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Gardening Catalog Terminology


As many of us are entering into the "bleak midwinter" months, my mailbox is filling up with gardening catalogs that remind me that winter will end and next year's gardening season will begin. Even though I have already started to make mental plans of our 2012 garden, as I look through these catalogs, I start to dream about adding other things to it. Here's a picture of my favorite gardening catalogs:

As I dream about new plantings and fight the temptation of once again trying something that has failed for me in the past, I am amused at this list of terms used in gardening wish books.

The real meanings of gardening catalog terminology

"A favorite of birds" means "avoid planting near cars, sidewalks, or clotheslines."

"Grows more beautiful each year" means "looks like road kill for the foreseeable future."

"Zone 5 with protection" is a variation of "Russian roulette."

"May require support" means that engineering degree in the family may finally pay off.

"Moisture-loving plants" are ideal if you are landscaping your bogs and swamps. It can also mean that not even you can kill them by overwatering.

"Carefree" refers more to the plant's attitude than to your workload."

"Vigorous" is code for "has a Napoleonic compulsion to take over the world."

"Potentially invasive" in my experience means either "high class weeds" or "your garden can kiss this plant goodbye after this season."

"Grandma's favorite" — until she discovered free-flowering, disease-resistant hybrids.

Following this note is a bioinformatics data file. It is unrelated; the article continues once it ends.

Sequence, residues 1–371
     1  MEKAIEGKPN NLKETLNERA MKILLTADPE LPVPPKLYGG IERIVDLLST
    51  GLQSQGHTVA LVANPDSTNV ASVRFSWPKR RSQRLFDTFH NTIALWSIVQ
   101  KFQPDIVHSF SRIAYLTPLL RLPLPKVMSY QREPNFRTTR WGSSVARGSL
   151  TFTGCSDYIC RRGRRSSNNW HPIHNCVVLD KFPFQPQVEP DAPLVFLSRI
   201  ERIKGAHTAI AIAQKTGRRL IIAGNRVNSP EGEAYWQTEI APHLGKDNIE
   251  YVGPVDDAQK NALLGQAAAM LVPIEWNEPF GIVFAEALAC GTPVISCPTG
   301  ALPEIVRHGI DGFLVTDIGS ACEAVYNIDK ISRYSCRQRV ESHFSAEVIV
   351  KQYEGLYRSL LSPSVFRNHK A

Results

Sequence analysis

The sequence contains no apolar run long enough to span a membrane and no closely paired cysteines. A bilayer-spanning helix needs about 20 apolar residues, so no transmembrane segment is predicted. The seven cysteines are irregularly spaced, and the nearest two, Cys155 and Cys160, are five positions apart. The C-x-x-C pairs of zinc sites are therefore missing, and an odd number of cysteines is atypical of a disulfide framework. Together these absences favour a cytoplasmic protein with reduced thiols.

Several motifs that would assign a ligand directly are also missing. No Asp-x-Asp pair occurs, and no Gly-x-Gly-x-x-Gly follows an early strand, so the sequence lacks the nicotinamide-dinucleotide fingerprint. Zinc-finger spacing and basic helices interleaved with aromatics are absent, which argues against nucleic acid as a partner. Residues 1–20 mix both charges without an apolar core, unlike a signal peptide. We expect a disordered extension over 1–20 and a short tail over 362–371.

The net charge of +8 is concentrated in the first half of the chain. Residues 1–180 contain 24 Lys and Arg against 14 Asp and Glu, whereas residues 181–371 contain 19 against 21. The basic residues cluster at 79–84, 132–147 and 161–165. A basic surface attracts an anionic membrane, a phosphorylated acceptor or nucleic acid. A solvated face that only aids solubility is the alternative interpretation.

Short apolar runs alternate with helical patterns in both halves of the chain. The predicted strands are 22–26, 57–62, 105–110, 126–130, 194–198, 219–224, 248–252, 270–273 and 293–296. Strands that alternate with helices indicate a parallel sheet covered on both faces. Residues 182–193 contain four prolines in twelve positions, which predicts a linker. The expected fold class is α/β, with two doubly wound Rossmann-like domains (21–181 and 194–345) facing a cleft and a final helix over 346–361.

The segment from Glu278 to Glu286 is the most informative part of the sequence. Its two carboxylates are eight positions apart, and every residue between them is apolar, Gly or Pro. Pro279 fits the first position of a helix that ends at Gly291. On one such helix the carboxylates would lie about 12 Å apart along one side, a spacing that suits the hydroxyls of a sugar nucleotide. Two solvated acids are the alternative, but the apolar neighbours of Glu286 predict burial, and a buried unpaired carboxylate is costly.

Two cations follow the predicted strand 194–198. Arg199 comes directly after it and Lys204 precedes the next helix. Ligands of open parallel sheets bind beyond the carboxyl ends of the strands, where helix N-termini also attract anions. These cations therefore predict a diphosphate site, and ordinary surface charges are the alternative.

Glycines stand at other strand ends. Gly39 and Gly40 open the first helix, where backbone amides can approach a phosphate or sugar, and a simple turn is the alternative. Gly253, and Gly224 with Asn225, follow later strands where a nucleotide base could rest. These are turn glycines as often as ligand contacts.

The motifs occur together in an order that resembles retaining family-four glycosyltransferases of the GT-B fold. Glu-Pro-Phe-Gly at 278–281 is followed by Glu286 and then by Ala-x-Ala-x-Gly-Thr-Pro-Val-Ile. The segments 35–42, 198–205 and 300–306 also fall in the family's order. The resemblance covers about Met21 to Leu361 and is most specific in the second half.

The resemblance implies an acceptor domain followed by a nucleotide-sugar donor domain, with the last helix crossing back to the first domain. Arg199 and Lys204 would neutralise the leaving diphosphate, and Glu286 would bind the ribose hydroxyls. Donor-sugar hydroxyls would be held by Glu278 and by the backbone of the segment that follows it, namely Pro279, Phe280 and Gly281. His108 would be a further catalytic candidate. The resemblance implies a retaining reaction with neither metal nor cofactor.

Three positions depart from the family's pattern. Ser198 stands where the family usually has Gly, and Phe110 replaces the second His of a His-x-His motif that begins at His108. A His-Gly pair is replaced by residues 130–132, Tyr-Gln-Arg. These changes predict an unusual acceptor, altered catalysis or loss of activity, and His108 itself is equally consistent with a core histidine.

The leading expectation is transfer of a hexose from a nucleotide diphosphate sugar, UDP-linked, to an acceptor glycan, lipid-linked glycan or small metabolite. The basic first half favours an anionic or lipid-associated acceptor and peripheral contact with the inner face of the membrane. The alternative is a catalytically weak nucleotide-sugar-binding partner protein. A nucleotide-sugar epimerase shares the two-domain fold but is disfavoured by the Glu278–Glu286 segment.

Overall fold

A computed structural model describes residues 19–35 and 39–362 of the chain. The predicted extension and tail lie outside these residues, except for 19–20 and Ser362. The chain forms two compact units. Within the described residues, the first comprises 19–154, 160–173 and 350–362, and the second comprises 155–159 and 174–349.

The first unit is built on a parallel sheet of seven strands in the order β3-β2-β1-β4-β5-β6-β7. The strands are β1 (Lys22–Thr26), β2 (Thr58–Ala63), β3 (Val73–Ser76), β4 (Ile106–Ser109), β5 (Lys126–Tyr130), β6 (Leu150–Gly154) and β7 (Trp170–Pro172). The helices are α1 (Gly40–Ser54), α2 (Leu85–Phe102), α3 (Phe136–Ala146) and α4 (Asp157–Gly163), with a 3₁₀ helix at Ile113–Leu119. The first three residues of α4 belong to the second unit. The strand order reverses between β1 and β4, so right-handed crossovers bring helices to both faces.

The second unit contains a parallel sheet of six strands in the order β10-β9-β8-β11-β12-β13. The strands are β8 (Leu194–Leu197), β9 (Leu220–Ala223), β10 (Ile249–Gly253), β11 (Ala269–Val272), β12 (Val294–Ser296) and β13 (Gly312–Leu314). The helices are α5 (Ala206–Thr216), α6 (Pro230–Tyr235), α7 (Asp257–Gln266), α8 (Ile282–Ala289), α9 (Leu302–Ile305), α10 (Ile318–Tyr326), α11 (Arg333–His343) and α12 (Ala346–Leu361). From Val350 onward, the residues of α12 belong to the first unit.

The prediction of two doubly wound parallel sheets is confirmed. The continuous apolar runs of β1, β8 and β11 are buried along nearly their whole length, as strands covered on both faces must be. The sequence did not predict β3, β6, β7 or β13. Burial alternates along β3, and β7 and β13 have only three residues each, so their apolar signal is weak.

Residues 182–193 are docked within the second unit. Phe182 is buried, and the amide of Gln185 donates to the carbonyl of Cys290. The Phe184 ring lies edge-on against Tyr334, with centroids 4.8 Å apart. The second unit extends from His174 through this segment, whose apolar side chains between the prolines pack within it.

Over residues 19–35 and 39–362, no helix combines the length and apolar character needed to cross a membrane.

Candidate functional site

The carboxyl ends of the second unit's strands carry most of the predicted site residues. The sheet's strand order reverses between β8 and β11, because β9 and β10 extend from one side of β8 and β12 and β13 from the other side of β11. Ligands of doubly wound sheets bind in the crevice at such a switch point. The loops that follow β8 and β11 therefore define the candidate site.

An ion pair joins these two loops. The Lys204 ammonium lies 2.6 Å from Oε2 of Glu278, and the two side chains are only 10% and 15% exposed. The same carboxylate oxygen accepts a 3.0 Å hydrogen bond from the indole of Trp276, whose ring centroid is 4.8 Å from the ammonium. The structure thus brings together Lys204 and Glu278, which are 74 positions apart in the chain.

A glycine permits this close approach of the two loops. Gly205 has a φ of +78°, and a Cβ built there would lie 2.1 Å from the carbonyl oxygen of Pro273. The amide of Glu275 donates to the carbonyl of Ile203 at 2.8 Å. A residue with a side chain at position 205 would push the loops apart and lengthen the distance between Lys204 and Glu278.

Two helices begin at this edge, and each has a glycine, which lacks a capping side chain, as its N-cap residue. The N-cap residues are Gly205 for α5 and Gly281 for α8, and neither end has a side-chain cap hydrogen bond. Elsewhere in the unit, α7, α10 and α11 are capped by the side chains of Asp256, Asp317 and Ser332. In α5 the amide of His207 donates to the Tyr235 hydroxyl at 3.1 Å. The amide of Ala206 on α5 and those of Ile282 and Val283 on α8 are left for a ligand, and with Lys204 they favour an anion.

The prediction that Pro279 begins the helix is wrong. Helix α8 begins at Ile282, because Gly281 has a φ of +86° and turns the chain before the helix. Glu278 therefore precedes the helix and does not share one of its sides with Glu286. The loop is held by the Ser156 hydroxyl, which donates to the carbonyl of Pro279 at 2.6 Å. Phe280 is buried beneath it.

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Here are links to the catalogs in the picture above:

Baker Creek Heirloom Seeds — some wonderful seeds from all over the world. This is where I got the seeds for the Thai red seeded long beans we love so much. I have a picture in another blog post.

Bluestone Perennials — where we've bought some of our favorite perennials, including the Hellebores Becka featured in a blog post.

Indiana Berry — we bought several lingonberry bushes from them last year in hopes that in a few years we'll be able to make some lingonberry jam like we've enjoyed at Ikea.

Miller Nurseries — our favorites from there have been Taylor Red Raspberry bushes and Triple Crown Thornless Blackberry bushes.

Pinetree Garden Seeds — I've had good results with seeds I've bought from this company.

Southern Exposure Seed Exchange — one of my favorite sources for the drought-and-heat-resistant varieties necessary for gardening in this part of the country.

Seed Savers Exchange — Their seeds are not cheap, but I've found some great, hard-to-find heirloom varities there.

Territorial Seed Company — we've bought some seeds from them, but mostly gardening and canning supplies.

I hope some of you will explore the offerings of the companies to which I've linked. Do you have any favorite catalogs or sources for seeds or plants? Are you already planning next year's garden? Maybe you seasoned gardeners can contribute your own real meanings of other phrases used in gardening catalogs.

If you want to see what we've been up to lately, Becka's latest blog post tells about our adventures this past week. She mentions in her post that I painted a room while we were at Megan and Jim's last week. Nora and Topher are up there now, and to one of the new light green walls in the nursery Nora has added a tree. Here's a picture of her creation, which kind of goes with the gardening theme of this blog post.